“I want to make everyone, like, proud of me,” Jayden said in a recent interview in the Arlington apartment he shares with his little sister and parents.
The same was true for Kaitlyn, who was reading slightly above grade level. In her last practice test, she got a 57.5 percent on the reading portion. “I had been praying for it about a year,” she said, noting her angst about the SOLs.
After the training, both students passed the reading portion and all other portions of the SOLs at least at the “proficient” level, scoring above 400 out of a possible 600 points. They passed all other subjects, too. Jayden got a perfect score in math and came within 18 points of getting an “advanced” score in reading.
Such gains would have been noteworthy in any school. But Carlin Springs, which serves a largely poor and Hispanic population, has consistently lagged other Arlington schools on test scores, sometimes by just a few points and sometimes by dozens. But in recent years, passage rates for Carlin Springs have inched closer to districtwide rates, even surpassing them slightly in some subjects.
Located south of Route 50 in Arlington’s most diverse nook, Carlin Springs also is a landing pad for young immigrants who speak little or no English.
“We defied some odds,” Moller said.
While many at the school were ambivalent, others defend annual testing as an accountability tool and a way to ensure civil rights through transparency of test results.
Kati Haycock, president of the Education Trust, an advocacy group dedicated to improving schooling for low-income and minority students, said that standardized tests are valuable for parents and teachers alike.
“From the standpoint of empowering parents to make choices of what schools their kids should go to, tests don’t tell you everything, but they certainly give you the best objective measure of how much kids are learning,” Haycock said.
Charles Pyle, a spokesman for the Virginia Department of Education, countered the criticism that the test does not accurately assess students’ knowledge, and he said test preparation can only really help “on the margins.”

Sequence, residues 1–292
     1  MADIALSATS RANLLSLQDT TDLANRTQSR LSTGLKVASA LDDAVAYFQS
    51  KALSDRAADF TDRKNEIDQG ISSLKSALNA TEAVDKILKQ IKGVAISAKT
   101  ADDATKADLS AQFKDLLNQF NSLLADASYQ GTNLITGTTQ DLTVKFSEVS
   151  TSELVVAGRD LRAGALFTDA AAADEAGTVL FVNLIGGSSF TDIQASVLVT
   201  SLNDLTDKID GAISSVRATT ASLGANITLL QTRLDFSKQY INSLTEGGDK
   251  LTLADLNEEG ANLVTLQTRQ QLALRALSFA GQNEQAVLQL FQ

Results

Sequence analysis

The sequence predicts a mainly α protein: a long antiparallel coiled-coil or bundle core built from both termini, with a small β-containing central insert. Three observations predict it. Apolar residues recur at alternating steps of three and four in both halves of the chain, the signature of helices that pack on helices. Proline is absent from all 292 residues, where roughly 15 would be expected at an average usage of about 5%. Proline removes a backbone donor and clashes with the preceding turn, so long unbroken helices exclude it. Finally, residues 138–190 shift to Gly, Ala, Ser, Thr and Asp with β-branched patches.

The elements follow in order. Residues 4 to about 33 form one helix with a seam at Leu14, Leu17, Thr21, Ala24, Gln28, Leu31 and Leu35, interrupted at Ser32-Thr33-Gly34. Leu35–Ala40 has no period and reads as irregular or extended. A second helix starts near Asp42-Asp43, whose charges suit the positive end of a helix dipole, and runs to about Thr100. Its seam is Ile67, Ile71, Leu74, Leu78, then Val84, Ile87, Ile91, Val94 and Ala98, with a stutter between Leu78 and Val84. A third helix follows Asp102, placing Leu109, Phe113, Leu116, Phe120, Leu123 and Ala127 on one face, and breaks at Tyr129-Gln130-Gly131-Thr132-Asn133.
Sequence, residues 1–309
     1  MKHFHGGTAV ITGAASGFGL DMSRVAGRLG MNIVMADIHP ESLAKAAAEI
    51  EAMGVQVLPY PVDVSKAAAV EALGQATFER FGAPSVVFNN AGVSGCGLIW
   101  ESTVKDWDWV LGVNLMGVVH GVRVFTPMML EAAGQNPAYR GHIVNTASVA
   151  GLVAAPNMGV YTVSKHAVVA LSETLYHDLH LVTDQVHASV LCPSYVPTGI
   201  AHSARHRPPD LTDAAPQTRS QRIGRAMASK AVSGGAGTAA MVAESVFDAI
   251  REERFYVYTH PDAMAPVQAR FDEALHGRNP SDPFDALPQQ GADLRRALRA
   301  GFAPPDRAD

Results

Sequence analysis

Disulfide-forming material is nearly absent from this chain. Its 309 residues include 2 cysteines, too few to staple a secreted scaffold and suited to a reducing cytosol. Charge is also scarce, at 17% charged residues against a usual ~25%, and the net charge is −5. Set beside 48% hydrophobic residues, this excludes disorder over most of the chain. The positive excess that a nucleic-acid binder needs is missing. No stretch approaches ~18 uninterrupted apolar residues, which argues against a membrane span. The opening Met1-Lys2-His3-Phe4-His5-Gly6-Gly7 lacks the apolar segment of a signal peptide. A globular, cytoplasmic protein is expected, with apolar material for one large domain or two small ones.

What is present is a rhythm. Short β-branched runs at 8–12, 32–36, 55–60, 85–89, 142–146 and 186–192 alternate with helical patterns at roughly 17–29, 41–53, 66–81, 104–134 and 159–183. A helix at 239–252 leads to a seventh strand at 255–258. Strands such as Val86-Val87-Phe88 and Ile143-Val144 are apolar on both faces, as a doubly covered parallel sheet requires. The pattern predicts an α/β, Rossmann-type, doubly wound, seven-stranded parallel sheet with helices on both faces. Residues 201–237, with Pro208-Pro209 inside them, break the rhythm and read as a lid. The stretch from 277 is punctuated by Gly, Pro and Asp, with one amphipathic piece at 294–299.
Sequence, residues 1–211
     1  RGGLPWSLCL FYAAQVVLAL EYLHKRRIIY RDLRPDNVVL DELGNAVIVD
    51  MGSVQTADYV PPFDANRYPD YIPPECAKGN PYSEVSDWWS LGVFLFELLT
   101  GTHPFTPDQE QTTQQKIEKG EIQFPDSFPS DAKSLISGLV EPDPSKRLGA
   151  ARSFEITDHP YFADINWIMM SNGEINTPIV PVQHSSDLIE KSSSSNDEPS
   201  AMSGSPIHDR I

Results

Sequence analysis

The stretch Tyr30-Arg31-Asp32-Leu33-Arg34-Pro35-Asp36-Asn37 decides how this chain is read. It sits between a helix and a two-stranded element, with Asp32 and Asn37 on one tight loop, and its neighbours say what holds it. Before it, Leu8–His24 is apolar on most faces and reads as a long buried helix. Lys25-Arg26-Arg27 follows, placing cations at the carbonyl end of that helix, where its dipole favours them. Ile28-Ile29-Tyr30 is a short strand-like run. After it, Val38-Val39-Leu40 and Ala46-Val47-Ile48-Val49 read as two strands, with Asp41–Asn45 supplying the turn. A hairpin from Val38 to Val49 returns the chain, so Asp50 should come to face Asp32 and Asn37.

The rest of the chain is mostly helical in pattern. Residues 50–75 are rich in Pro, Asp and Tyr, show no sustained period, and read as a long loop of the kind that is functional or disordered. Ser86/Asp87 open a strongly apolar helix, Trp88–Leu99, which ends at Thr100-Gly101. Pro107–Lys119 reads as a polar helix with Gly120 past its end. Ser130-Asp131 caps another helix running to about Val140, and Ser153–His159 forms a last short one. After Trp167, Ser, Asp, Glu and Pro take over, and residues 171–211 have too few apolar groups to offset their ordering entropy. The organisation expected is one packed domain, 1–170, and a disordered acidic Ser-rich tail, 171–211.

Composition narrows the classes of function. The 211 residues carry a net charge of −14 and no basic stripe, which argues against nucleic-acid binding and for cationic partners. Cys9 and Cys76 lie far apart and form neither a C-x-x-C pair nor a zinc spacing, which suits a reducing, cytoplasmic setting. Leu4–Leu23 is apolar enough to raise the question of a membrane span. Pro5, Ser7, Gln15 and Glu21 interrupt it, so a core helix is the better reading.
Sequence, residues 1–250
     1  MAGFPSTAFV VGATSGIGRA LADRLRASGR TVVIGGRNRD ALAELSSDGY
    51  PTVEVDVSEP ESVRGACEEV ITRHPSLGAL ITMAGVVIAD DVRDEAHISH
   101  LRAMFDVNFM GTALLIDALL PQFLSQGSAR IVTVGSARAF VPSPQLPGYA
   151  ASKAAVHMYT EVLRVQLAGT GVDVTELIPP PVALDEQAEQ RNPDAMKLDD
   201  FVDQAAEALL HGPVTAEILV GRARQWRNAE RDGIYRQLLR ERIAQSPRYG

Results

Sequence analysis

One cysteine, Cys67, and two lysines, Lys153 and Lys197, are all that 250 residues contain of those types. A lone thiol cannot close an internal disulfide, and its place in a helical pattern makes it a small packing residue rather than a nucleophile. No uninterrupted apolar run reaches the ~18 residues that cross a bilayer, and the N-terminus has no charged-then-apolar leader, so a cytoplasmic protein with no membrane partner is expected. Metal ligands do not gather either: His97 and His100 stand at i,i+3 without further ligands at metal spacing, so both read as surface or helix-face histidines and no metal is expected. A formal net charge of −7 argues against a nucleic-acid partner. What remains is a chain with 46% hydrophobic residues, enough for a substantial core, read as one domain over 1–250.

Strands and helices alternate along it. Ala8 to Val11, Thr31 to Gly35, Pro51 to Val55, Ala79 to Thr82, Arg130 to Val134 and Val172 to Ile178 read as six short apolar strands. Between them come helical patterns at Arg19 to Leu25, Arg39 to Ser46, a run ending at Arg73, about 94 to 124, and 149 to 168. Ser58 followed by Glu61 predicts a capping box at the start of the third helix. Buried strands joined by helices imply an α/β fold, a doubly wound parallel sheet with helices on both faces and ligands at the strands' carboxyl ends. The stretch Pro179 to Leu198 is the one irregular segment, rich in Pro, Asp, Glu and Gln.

“We want the kids to be comfortable with the test, but we don’t want instruction to be test prep,” he said. “If students are taught to read and the kids are reading at grade level . . . then the students are going to do well on the test.”
Chris Guyton, a third-grade teacher at Carlin Springs, said test prep is vital because he thinks the SOLs are designed in a way that can appear deceptive to students, especially non-native speakers. Many of his students are the children of immigrants from Guatemala, Honduras, El Salvador, Bolivia and Costa Rica.
“For some kids, I’m the only native English speaker they’ll hear all day,” said Guyton, who speaks fluent Spanish and is married to a Hispanic woman. He’ll intersperse his instruction with Spanish to make sure the students understand instructions for complex lessons.
For these students, Guyton said, success on the SOLs is a dual victory in academic performance and English literacy.
Guyton sprinkles mini-lessons on test taking into his daily instruction. He and the students examine old versions of the SOLs and compare the multiple choice answers, looking for the obvious wrong ones first.
“Don’t let them trick you,” Guyton said to his class recently. He said that solving the SOLs is as much a puzzle as a test of academic achievement.
And for that reason, success on the SOLs can elicit conflicting emotions.
Frazier said she’s surrendered to the power of the numbers, even though it’s a measure she deeply disagrees with.
“You miss out on some of the deeper teaching when you’re doing test prep,” she said, adding that she feels “kind of disgusted that it takes a standardized test to make the state think that we’re doing our job.”
Even Tanya Moon, a University of Virginia professor of education who specializes in assessment, thinks the testing movement has gone too far, pushing educators to be constantly cognizant of preparing their students for tests.
“I believe that everybody should be held accountable for their jobs, but there are lots of things that kids bring into schools that schools can’t do anything about and yet the schools are held accountable,” she said.
And Coronel, the principal, said she’s not entirely certain what made the difference for the students at Carlin Springs. Maybe it was the ramped-up test prep, but it could have been other things, such as a more talented crop of 8-year-olds or a meeting with parents and caretakers to tell them to ensure children got a healthy breakfast and a good night’s rest before the exams.
“Anything can impact the performance for that specific day,” Coronel said. “If your goldfish dies, you’re not going to do well that day even if a teacher worked really hard all year to help you.”
Every year, Coronel and her staff examine the test data and change the way they teach. Some changes are mere tweaks, and some involve major revamping. It’s hard to know what’s working and what’s not, she said, especially since the school has a high level of transience.
“Sometimes we try things that don’t work,” Coronel said. “Sometimes I feel like we’re always trying to figure it out and we never quite get there.”